- Special Projects
Editor’s Note: This story is part of an ongoing series about Hawaii’s workers’ compensation system.
Annette Kanaulu was heading home to Ewa Beach from her job at The Queen’s Medical Center in October 2017 when she got a call telling her to turn around and go back.
It turned out her husband Kimeona, a custodian at Ewa Elementary School, had been found unconscious on the job and was being rushed to Queen’s.
Kimeona died later that evening of cardiac arrest.
Annette didn’t know much about Hawaii’s workers’ comp system, but on the advice of her husband’s colleagues at the school she filed for survivor’s benefits for herself and her teenage son.
That’s when the Department of Education’s workers’ comp unit got involved, launching Annette Kanaulu on an odyssey of denials and late payments that left her feeling angry and disrespected, even as she dealt with the loss of her husband. DOE still hasn’t paid her for funeral expenses.
“I don’t want to go through that again,” she said. “They make it like it’s your fault. They’re not very caring about people.”
The workers’ comp unit is supposed to help workers injured on the job, making sure that those with legitimate claims get the benefits and treatment they need to recover and return to work.
In many cases, it falls far short.
Civil Beat analyzed about 200 administrative decisions from 2013 to 2018 involving claimants who worked in the schools after hearing from workers’ comp insiders, such as attorneys and doctors, that the state Department of Education’s operation was unusually inefficient and hard on workers.
The decisions were handed down by hearing officers at the state Department of Labor and Industrial Relations, which administers the workers’ comp system.
The analysis found a number of recurring problems:
An internal audit in 2015 found sloppy record-keeping and inefficiencies by both the workers’ comp unit and the schools that report injuries to it. The operation relied on a manual process that the audit termed “time consuming and labor intensive.”
Claims managers, instead of assessing medical information and talking to doctors, were overwhelmed with clerical work.
Unlike other workers’ comp operations in the private and public sector, the DOE’s lacked in-house specialists such as vocational rehabilitation counselors, nurses and attorneys.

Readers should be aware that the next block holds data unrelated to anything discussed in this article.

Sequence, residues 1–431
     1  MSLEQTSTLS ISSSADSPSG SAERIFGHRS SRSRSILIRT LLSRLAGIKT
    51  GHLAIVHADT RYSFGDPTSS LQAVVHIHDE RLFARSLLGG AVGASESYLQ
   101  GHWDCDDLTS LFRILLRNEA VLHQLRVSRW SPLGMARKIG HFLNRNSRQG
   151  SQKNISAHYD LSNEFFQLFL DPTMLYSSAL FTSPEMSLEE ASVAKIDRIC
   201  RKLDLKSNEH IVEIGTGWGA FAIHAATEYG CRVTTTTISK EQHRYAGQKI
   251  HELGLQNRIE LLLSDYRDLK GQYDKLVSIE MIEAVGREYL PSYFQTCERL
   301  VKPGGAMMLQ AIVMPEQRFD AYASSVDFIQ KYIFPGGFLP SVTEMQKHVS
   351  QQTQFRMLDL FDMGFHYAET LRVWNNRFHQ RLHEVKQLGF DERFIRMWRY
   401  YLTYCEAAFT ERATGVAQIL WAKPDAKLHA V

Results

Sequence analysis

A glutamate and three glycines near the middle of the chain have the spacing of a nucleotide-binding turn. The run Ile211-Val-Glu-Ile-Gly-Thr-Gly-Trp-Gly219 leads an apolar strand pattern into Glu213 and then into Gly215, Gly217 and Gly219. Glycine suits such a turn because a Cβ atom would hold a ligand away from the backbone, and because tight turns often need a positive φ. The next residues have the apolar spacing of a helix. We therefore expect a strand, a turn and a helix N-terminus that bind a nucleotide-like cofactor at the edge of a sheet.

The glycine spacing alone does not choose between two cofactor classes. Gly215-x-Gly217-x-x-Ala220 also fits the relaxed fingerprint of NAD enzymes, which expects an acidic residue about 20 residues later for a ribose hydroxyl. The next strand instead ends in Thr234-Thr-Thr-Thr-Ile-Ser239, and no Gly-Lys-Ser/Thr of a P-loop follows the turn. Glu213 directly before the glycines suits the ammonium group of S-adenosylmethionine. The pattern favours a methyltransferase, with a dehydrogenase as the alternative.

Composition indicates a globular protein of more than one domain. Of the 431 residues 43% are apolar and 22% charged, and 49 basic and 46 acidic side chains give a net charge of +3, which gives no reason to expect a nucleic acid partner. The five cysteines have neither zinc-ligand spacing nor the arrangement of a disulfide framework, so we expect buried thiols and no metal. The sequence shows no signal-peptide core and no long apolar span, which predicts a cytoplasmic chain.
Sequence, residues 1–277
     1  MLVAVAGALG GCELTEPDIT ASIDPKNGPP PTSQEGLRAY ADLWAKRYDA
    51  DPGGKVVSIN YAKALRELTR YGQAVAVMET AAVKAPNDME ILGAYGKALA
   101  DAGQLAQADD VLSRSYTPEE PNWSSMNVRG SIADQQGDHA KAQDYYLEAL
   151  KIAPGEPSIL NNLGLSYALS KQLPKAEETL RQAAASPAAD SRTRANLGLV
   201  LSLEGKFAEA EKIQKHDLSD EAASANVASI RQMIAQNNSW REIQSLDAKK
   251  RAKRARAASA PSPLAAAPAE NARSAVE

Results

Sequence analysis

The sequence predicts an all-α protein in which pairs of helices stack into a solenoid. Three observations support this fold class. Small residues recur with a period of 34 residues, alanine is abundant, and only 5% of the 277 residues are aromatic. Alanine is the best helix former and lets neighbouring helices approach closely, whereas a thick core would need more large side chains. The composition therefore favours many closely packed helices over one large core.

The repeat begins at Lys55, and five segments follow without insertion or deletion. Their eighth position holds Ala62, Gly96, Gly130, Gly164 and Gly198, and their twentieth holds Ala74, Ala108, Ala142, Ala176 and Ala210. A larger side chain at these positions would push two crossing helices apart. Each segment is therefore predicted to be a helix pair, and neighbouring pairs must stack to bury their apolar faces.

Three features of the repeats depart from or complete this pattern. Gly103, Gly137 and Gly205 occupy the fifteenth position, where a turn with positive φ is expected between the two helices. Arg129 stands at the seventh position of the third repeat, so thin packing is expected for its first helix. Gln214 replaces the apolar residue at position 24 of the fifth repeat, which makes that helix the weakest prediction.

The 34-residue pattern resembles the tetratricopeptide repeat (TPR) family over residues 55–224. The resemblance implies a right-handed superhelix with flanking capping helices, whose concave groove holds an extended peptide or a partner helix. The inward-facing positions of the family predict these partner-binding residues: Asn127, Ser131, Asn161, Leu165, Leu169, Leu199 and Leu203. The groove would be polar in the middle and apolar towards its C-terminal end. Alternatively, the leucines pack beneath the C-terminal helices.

These inefficiencies led to delays for injured workers.
In 93 percent of cases, for instance, the initial report of the injury was made after the seven-day deadline laid out in statute, mostly when schools failed to forward the reports to the workers’ comp unit on time. The average time for the reports that failed to meet the deadline was 47 days.
Since that 2015 audit, the department says it has made changes to improve service.
Last year’s state budget authorized six new positions, three of them supervisors, DOE spokeswoman Lindsay Chambers said. It upgraded the technology used to track claims, increased coordination between offices to pay bills on time and started working more closely with vendors and others. In addition, the DOE is using new performance benchmarks to curtail service disruptions.
Yet Civil Beat’s review found many cases since 2015 involving the same shortcomings that were common before the audit.
In one recent example, the workers’ comp unit missed the seven-day deadline for rejecting a worker’s request for treatment by three months, and had to pay for massage treatments the department didn’t think were necessary. It told a worker in another recent case that there was no deadline to reimburse her for mileage, then didn’t attend a hearing in which a labor hearing officer disagreed and imposed a fine.
Relying on old medical exams, the workers’ comp unit argued that a teacher shot by a student in 1988 no longer suffered from post-traumatic stress disorder. The labor department disagreed and declared her permanently disabled, awarding her lifetime payments and $150 for the bullet wound scar.
A hearing officer required the DOE to pay one worker’s attorney fees after it failed to respond to the worker’s request for medical records. The workers’ comp unit said it had offered an injured worker light duty, but had no records to prove it, and so had to cover his disability payments.
It failed for several months to give a worker the results of a medical exam it had ordered the worker to attend and had to pay a fine and attorney’s fees. It admitted in the hearing that it had “no valid reason” for the delay.
It didn’t pay an injured worker $1,900 in living expenses and then didn’t show up at the hearing to explain.
The neglect and mistakes have taken a steep personal toll on some DOE workers who’ve filed claims.
Workers struggle to keep afloat without income or treatment, and describe feeling cast away by the employer they served.
“I can’t explain the hardship to you. I’m still in a hole,” said Bernadette Ishikawa, a special education aide whose payments were delayed for months. “You have to borrow money from this or that friend. It’s so embarrassing … They don’t care about people.”
Annette Kanaulu describes her husband Kimeona, the Ewa Beach custodian who died of heart failure, as a humble man who loved his job and never grumbled about anything. He also enjoyed yard work and did side jobs on the weekends. He’d had heart surgery when he was 12, but never any cardiac problems after that until the day he died at the age of 56.
He seemed fine when he and his coworkers went back to their stations after lunch that October day. Hours later, his boss found him on the ground. No one knew how long he’d been there.